Worried all night about waking him up. Never felt so klutzy. My finger nails scraping the pillow, my elbow or knee bumping him, the door creaking

when I went the bathroom. Didn’t want to wake him – his second rehearsal was at 10 that morning. (I forgot he was stoned and on beta blockers.) I dreamt about him all night. In the morning his warmth was magnetic but I knew I was no longer welcome there, I knew the window had closed again. Maybe when I’m past this terror stage, he said, as I was leaving. Not about you, about the rehearsals.


Silver confetti fairy dreams

Time behaves oddly in the Mystical City.

For instance, any given moment can drift upward and cling to a drop of mist, which never evaporates, only floats perpetually through skyscraper canyons, past windows, traffic lights, and fire escapes.

For instance, I was standing at a curb one afternoon, holding a bag of groceries and waiting for the light to change, when, somewhere in midtown, a segment of mist with a drop of my

memory passed a bus with his image – a poster in garish Broadway hues – and then drifted back to me, returning a drop of my memory and distorting my own personal timeline. Before the mist, I was just standing at a curb. Then the mist came, and I was transported – in my mind, which is many parts mist – back into his apartment, the first night, when he first kissed me.

It was a Sunday, mid-December, 2005. I was leaving him at his doorway, not because I wanted to, and I’d called the elevator. He reached for me: “One more,” he said, his face distorted with longing. I went to him, and we kissed more in the hall. He looked at me but didn’t smile. He looked miserable with desire, and as we kissed and I clung to his flesh I seemed to be slipping down the great spiral staircase behind me, falling eleven flights as the thick wooden banister unbraided itself down eleven floors, and the black and white hallway tiles echoed the whisper of my presence, my tenuous connection to him. Naked, indifferent echo. Raw, aching open echo. The elevator arrived.

How long ago was that night? One year? Two? More?

I know for a fact that it happened. I’d sat on his sofa with a glass of red wine, stood in his kitchen and ate leftover pizza, stared into the lights on his Christmas tree, sat on his sofa again while he played his piano and sang and filled the room with a fine and strange energy that was magical – impossibly magical, and impossible.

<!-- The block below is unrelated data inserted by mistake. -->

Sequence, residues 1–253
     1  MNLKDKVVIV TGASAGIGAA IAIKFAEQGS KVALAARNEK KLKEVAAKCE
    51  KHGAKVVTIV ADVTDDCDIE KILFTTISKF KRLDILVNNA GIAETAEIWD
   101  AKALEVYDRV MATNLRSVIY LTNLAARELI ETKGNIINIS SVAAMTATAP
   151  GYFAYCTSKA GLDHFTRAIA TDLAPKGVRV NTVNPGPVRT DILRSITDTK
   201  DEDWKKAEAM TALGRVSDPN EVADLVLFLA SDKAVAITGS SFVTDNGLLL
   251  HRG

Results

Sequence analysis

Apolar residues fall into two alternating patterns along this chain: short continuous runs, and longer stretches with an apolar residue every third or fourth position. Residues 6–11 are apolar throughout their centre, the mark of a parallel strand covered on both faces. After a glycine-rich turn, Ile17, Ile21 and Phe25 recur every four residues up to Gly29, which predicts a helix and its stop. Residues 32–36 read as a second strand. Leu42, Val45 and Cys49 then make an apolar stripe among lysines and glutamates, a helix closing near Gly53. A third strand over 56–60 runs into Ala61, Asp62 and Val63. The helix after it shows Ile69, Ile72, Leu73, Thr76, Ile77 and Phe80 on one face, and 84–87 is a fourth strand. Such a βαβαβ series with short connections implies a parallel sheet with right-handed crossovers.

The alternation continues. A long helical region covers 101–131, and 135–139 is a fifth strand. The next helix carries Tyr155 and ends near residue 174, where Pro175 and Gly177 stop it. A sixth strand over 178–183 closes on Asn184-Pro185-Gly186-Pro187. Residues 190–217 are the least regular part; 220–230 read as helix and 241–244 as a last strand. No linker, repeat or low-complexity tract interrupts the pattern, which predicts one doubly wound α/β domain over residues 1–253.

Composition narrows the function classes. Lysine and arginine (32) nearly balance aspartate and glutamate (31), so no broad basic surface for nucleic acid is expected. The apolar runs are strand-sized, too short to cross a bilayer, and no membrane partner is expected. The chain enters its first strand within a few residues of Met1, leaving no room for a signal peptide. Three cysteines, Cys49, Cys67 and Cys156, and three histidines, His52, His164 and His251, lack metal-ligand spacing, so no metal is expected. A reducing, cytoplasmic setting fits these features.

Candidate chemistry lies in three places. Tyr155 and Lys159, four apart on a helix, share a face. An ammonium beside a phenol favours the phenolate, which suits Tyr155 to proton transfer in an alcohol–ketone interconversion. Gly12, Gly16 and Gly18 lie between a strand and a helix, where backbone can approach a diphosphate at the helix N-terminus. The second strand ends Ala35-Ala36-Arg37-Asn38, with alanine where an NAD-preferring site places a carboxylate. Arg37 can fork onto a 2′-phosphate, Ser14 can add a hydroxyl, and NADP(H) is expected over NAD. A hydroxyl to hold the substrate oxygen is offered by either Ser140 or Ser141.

I know for a fact that it happened, because I know one other thing about that night. It was the night I became real to the tobacco store manager. For months I’d been going to the tobacco store around the corner from my apartment to buy penny candies. I went several times a week – after acting classes, dates, movies, dinners– and the manager had never spoken to me. He typically denied me even eye contact. But that night, after my celebrity released me (it wasn’t even midnight!) I went to the cigar store and stood quietly picking from the glass jars on the counter, and the manager said:

“Where have you been?”

I looked up. “Me?”

Yes, me. An accumulation of love and adoration had emerged and arrived for me that evening. There was more: along with the cigar store manager, one of the counter guys from the deli next door was also there just then. Kenny knew my name and always smiled and said hello in a shy, respectful flirtation. And there I was, standing over the candies, receiving Kenny’s smile and the manager’s warm gesture, which was probably reserved for family or close friends:

Where have you been?

Glowing with slow-release passion and silver-confetti fairy dreams, I paid for an extra-long Tootsie roll (25 cents), two miniature York Peppermint Patties (30 cents total), and one caramel cube (10 cents), and drifted back to my apartment.

Had I myself been unreal before that night?

Did it take a figment – an encounter with a figment, a fantasy – to fill my dream-anemic cheeks with blood, fill my longing-weary eyes with light and warmth, so that I could stand, simply stand, and be seen, acknowledged?

My celebrity can see my building from his kitchen window – the side of my building. When there’s construction, we hear the same relentless drilling. In an emergency we hear the same sirens. He’s that close to me. What he hears, I hear. What he sees, from his very window, I long to see. I long for someone else’s eyes; I long for his mad and magical eyes. I longed and longed, even though I knew – I knew – he was as mad as he was magical.


In the Mystical City, personal and urgent messages are transmitted in a flash.

The rumbling voice of the Mystical City comes from the underwater dream.